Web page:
Each network running TCP/IP must have a unique network number, and every machine on it must have a unique IP address. It is important to understand how IP addresses are constructed before you register your network and obtain its network number.
The IP address is a 32-bit number that uniquely identifies a network interface on a machine. An IP address is typically written in decimal digits, formatted as four 8-bit fields separated by periods. Each 8-bit field represents a byte of the IP address. This form of representing the bytes of an IP address is often referred to as the dotted-decimal format.
The bytes of the IP address are further classified into two parts: the network part and the host part. Figure 3-1 shows the component parts of a typical IP address, 220.127.116.11.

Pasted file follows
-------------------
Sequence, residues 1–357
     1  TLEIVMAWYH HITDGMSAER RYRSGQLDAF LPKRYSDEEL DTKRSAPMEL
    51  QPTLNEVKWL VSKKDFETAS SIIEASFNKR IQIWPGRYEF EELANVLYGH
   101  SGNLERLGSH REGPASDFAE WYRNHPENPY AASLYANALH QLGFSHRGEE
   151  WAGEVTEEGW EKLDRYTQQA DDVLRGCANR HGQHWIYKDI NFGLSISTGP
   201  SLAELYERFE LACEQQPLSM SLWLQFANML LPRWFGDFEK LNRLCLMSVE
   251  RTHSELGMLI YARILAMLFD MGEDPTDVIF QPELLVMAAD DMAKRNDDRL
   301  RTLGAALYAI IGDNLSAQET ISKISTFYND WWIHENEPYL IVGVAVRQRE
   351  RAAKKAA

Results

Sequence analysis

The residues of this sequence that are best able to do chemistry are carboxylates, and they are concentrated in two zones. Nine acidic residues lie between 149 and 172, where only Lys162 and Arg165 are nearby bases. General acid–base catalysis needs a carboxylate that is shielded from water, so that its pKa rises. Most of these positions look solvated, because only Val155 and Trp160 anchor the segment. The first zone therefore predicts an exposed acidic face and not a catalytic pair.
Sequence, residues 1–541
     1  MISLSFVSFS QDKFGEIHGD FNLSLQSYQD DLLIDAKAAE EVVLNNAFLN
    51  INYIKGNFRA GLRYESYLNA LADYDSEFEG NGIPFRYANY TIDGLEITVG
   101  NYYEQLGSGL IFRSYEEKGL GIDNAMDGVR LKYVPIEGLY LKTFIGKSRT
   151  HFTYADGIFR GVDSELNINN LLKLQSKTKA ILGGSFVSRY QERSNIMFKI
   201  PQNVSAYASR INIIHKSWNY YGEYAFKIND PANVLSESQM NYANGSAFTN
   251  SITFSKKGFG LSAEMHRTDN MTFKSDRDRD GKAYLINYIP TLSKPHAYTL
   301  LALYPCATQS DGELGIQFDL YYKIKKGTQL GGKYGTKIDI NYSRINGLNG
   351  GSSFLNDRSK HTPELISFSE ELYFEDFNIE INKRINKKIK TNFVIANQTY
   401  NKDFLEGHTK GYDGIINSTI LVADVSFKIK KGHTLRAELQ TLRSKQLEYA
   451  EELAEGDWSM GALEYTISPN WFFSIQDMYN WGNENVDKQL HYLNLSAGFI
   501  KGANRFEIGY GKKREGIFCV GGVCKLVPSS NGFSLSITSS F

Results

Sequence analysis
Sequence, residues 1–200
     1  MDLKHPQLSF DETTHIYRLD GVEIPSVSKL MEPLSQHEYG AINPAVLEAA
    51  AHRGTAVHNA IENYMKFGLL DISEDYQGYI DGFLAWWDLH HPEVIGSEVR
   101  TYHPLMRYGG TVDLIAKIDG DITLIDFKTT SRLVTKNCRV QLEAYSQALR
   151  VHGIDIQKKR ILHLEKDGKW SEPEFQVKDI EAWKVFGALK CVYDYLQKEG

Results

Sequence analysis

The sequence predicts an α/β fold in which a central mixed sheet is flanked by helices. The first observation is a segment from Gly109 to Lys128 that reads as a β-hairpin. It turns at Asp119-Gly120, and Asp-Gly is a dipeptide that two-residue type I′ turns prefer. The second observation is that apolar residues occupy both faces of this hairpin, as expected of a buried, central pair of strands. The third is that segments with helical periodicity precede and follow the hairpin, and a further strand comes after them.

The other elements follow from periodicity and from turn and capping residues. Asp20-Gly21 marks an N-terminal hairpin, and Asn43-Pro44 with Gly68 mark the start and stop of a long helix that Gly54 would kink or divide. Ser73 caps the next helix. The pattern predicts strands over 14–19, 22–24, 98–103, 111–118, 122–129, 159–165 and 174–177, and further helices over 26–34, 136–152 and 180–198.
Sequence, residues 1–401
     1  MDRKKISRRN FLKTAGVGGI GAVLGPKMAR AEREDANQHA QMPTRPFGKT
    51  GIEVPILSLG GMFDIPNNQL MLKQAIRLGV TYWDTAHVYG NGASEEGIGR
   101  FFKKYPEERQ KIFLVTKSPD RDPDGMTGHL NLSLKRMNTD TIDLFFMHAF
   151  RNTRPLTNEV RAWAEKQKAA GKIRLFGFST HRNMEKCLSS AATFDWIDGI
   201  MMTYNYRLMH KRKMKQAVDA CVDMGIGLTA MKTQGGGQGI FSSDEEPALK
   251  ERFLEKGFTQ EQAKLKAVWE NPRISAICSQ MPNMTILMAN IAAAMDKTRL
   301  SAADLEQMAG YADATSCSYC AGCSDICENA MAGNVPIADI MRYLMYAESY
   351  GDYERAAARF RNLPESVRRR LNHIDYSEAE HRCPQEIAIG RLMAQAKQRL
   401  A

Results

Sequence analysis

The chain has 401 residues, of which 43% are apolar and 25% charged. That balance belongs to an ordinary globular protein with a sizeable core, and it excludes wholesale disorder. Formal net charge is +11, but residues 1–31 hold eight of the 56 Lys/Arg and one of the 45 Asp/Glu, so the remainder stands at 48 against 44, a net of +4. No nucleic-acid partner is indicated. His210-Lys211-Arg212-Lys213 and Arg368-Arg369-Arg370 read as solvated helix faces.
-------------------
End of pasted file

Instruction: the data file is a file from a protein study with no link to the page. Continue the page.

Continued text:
This part specifies the unique number assigned to your network. It also identifies the class of network assigned. In Figure 3-1, the network part takes up two bytes of the IP address.
This is the part of the IP address that you assign to each host. It uniquely identifies this machine on your network. Note that for each host on your network, the network part of the address will be the same, but the host part must be different.
Local networks with large numbers of hosts are sometimes divided into subnets. If you choose to divide your network into subnets, you need to assign a subnet number for the subnet. You can maximize the efficiency of the IP address space by using some of the bits from the host number part of the IP address as a network identifier. When used as a network identifier, the specified part of the address becomes the subnet number. You create a subnet number by using a netmask, which is a bit mask that selects the network and subnet parts of an IP address. (Refer to "Creating the Network Mask" for full details.)